LA County Sheriffs seeking approval for ‘long overdue body-worn cameras, Lakewood among first cities to implement cameras

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The Los Angeles County Sheriff’s Department plans to fully deploy body-worn cameras for its patrol deputies two to three years from now at a cost of $34.6 million, according to county documents made available Sept. 3.

Chief Executive Officer Sachi Hamai submitted a letter to the Board of Supervisors recommending approval of the plan, but the issue didn’t appear on the board’s Tuesday agenda.

Sheriff Alex Villanueva, in a July letter to the CEO, said the cameras were “long overdue” and would “add a new means for achieving fair and impartial treatment of persons who become involved in the criminal justice system.”

They will also allow the department to assess its own performance in critical incidents, Villanueva said.

The Century, Lakewood, Industry, West Hollywood and Lancaster stations are slated to be the first batch of patrol stations where deputies will be outfitted with cameras.

It will take about 19 months to roll out the devices to more than 5,200 deputies and security officers operating out of 58 patrol stations and sub-stations, 84 county facilities and nine community colleges, according to Hamai.

The department first needs to finalize a request for proposal and pick a winning bidder. Full roll-out is expected sometime in the fiscal year ending June 30, 2022.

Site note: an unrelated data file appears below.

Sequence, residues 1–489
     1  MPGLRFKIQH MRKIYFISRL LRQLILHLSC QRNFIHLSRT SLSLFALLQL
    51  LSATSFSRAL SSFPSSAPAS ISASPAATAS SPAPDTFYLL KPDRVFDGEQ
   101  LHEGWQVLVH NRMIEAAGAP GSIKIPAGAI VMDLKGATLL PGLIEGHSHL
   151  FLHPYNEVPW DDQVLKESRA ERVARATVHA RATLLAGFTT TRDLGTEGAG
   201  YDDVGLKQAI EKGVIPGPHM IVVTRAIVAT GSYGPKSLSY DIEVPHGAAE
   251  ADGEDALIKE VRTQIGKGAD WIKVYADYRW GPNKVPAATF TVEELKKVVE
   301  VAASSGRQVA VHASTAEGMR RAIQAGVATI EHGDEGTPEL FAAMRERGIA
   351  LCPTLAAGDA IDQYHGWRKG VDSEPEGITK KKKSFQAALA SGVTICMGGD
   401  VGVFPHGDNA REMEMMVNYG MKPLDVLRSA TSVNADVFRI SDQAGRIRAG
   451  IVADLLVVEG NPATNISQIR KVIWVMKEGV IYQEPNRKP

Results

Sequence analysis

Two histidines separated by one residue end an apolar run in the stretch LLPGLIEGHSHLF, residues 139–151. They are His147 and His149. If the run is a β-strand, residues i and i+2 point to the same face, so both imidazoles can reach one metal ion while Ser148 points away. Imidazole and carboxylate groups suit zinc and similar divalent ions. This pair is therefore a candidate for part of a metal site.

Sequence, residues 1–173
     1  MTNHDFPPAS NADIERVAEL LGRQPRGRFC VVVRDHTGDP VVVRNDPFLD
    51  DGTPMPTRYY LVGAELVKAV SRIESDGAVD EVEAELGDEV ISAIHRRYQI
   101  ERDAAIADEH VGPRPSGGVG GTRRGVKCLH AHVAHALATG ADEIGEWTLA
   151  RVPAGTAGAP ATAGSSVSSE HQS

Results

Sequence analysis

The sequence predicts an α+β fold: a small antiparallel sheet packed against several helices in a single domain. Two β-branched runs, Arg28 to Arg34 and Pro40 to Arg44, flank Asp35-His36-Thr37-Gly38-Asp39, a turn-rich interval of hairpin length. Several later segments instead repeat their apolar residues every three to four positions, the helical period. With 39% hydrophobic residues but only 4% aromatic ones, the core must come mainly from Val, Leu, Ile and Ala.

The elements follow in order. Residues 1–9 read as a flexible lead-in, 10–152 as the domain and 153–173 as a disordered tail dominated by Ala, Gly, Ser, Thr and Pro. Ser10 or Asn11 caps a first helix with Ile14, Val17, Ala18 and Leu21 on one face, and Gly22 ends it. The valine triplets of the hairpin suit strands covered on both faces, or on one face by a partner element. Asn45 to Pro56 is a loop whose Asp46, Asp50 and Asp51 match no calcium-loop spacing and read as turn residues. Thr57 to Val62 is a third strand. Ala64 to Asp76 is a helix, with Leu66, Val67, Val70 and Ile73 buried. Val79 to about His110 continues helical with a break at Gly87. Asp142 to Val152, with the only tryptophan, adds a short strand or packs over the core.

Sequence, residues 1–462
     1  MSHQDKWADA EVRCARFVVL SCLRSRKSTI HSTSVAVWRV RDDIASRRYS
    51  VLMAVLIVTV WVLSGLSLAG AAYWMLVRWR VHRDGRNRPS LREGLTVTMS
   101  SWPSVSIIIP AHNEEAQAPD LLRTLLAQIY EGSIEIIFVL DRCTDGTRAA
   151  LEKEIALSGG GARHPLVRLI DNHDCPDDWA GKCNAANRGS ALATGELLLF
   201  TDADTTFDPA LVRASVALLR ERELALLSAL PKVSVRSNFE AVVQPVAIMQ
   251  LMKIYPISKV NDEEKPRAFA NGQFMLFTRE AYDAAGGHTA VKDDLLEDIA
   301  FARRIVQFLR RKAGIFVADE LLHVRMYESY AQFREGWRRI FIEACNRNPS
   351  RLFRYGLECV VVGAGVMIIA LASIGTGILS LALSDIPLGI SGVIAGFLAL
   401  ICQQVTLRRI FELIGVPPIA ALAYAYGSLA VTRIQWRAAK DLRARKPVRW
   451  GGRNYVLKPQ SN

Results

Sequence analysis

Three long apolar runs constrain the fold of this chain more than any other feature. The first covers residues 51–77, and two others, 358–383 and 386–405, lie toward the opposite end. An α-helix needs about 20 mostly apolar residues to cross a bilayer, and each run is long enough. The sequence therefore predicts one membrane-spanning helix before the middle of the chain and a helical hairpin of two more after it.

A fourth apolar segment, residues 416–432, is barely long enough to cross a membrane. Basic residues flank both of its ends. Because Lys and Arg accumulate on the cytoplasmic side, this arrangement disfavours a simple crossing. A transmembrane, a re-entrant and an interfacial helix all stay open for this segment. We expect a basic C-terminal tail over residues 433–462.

The department ran its first test of the devices in 2011 in its custody division, where it decided stationary cameras would do a better job. Then plans for patrol deputies to use cameras ran aground when former sheriff Jim McDonnell asked for $55 million in funding and 239 new personnel.

Villanueva said those higher costs were due to assumptions that investigators would review video for every case they were assigned and that any video would be released to the public upon request. Neither of those policies are consistent with other large law enforcement agencies statewide, according to Villanueva.

Enough money to cover his proposal– including $20.5 million in one-time costs for training, equipment and technology upgrades– has been set aside by the board, according to Hamai.

The department expects it will require 33 new full-time employees to run the program. Hamai will also hire an independent consultant to gauge the cameras’ impact on public perception and community relations.

The Los Angeles Police Department first deployed body-worn cameras in 2015, rolling them out in a multi-year program.